(eyetwist)

Report: Some Credit Unions Are Still Involved In Payday Lending

Loans from federal credit unions are currently capped at 18%, though some qualifying short-term loans can go as high as 28% (plus a $20 fee). These numbers are far below the standard three-digit APRs you see on payday loans, but a small number of credit unions are still figuring out ways to hook customers up with these questionable, high-interest loans. [More]

(frankieleon)

How Predatory Lenders Get Around The Law To Loan Money To Military Personnel

In spite of the Military Lending Act, a law intended to prevent predatory lenders from gouging military personnel with exorbitant interest rates and mountains of fees, some of these lenders have figured out ways to work around the very specific limits of the law, targeting active-duty service members with loans that are almost indistinguishable from the ones forbidden by the Act. [More]

(ChrisGoldNY)

Installment Loan Borrowers Being Saddled With Unnecessary Insurance Add-Ons

Installment loans are typically, shorter-term, high-interest, loans to borrowers with severely damaged credit. These loans usually have longer terms than the 2-3 week turnaround for payday loans, and the borrower agrees to pay the money back in equal, monthly installments, but some of those who have worked at installment lenders say these loans are laden with charges aimed at getting around interest-rate rules and keeping the borrower in a cycle of indebtedness. [More]

(her name is meg)

Report Claims Payday Loans Result In Net Loss Of Money, Jobs

Among the reasons given in support of payday loans — short-term, high-interest loans intended to get the borrower through to the next paycheck — is that they ultimately provide a net good to the economy, allowing the borrower to keep spending and earning interest for the lender. But a recent report casts some doubt on that belief. [More]

(afagen)

State Lawmakers Consider Limits On ‘Payday’ Lawsuit Loans

We’ve written a lot over the years about standard payday loans — short-term, high-interest loans from non-bank lenders — and similar deposit-advance loans offered by some of the nation’s largest banks. But there is a growing form of short-term loan that lawmakers are concerned about — loans to plaintiffs of pending lawsuits. [More]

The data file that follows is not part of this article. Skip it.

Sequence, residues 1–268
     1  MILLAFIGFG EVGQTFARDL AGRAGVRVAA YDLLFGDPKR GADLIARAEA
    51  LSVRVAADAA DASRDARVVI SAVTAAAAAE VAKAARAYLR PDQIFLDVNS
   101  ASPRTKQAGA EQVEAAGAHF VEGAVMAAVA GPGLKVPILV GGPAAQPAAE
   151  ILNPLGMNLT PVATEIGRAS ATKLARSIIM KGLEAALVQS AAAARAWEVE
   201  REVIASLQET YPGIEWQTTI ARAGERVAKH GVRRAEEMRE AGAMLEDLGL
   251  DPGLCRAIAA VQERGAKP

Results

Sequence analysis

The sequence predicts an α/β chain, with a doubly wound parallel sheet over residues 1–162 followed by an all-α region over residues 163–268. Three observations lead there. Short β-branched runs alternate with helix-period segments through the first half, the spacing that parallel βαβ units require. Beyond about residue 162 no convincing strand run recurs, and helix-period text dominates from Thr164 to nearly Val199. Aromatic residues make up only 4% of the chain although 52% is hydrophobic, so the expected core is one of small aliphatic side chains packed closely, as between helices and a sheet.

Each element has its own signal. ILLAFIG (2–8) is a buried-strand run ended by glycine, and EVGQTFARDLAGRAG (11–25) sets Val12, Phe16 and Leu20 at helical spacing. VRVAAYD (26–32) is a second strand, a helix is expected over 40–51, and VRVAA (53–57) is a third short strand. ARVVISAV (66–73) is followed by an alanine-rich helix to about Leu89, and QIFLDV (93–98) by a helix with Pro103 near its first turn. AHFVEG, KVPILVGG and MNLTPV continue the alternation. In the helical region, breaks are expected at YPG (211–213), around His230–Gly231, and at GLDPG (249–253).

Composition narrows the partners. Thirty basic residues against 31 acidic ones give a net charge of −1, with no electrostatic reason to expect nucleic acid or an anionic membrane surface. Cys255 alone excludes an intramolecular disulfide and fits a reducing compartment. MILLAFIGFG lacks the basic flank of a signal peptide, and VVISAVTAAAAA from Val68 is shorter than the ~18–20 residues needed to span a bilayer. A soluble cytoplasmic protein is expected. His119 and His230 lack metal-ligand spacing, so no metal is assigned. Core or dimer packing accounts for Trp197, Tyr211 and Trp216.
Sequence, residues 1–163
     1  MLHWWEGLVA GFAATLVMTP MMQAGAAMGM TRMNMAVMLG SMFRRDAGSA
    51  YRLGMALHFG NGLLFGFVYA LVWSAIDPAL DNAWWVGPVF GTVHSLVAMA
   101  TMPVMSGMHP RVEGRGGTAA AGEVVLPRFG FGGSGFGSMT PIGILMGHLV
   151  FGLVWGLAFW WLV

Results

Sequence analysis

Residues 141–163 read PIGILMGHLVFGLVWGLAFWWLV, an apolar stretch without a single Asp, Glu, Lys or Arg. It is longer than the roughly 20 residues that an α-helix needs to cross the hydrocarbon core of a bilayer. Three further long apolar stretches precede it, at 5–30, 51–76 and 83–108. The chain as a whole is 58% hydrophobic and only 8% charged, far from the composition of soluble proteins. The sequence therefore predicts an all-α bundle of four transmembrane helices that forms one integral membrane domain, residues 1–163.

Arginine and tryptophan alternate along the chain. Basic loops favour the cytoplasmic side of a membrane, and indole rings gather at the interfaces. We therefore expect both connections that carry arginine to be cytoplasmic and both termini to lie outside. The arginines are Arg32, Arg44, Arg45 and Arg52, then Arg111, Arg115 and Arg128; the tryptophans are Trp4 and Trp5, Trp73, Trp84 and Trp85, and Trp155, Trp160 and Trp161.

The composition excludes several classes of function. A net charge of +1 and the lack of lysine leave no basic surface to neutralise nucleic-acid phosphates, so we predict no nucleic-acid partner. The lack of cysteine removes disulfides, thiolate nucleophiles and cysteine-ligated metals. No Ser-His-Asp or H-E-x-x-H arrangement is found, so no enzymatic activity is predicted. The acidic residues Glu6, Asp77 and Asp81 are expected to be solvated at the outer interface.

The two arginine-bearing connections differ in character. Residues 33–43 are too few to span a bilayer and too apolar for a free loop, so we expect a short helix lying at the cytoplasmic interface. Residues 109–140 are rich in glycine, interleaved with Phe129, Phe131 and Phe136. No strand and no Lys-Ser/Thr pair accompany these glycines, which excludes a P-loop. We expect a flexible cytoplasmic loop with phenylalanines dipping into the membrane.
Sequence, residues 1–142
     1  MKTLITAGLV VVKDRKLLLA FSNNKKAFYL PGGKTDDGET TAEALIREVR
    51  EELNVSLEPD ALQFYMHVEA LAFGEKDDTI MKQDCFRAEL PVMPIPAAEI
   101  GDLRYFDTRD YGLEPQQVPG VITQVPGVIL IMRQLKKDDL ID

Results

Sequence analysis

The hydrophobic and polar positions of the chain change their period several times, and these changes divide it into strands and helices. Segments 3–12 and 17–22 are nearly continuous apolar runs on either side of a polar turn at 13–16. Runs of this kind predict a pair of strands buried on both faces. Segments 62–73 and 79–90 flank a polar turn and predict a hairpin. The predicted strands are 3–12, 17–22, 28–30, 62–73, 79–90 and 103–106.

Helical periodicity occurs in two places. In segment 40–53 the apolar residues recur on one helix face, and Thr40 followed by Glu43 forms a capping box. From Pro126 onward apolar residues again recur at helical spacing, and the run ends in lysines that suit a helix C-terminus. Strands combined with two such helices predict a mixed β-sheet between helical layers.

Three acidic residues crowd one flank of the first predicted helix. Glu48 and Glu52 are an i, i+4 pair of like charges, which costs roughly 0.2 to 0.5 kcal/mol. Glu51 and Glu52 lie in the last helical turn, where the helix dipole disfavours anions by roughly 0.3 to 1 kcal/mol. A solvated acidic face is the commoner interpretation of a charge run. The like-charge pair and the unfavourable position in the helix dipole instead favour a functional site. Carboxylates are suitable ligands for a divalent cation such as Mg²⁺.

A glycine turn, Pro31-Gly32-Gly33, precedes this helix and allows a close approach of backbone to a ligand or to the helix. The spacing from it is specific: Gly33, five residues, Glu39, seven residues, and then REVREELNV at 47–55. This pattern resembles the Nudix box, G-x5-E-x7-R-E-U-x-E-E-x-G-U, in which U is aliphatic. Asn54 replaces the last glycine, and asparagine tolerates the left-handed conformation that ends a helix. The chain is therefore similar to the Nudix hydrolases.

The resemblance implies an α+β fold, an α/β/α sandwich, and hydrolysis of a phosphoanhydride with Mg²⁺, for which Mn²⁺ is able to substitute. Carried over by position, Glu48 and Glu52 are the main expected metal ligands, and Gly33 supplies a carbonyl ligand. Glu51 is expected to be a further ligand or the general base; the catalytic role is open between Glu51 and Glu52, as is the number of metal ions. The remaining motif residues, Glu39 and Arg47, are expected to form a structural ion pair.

The Average Payday Loan Borrower Spends More Than Half The Year In Debt To Lender

The Average Payday Loan Borrower Spends More Than Half The Year In Debt To Lender

The idea of the payday loan — a short-term, high-interest loan intended to help the borrower stay afloat until his next paycheck — is not inherently a bad notion. However, a new study confirms what we’ve been saying for years: That many payday borrowers are taking out loans they can’t pay back in the short-term, and that lenders rely on this revolving door format to keep the fees rolling in. [More]

(Meg)

Report: Average $951 Car-Title Loan Results In $2,142 In Interest

If you live in any of the 21 states where car-title loans are available, you’ve probably seen the TV commercials touting the ease of this short-term borrowing option. But a new report claims that the average car-title loan results in revolving door of debt and a mountain of interest payments. [More]

(TaberAndrew)

Professor Tries, Fails To Defend Payday Lending As Legitimate Form Of Credit

Most regular readers of Consumerist know that we’re not exactly fans of payday loans, which charge upwards of 25 times the interest of a high-interest credit card and hundreds of times the interest on a standard loan. And yet, there are people — well-educated people at that — who stick with the argument that payday loans are a good thing. [More]

(bikeoid)

Senators Call For An End To Payday Lending By Banks

Four of the nation’s largest banks — Wells Fargo, Fifth Third Bank, U.S. Bank and Regions Bank — are involved in high-interest, short-term loans that may not always be called “payday” loans but might as well be. Thus, a group of five U.S. senators have asked regulators to put a stop to the practice altogether. [More]

Wells Fargo's "not a payday" loan

Wells Fargo Called Out For Continuing To Offer Payday Loans

The Community Reinvestment Act of 1977 requires that FDIC-insured banks be examined and rated on whether or not they are meeting the banking needs in each of the communities in which they are chartered. But a pair of advocacy groups claim Wells Fargo deserves a lowered CRA rating because of loans that smell a lot like payday loans. [More]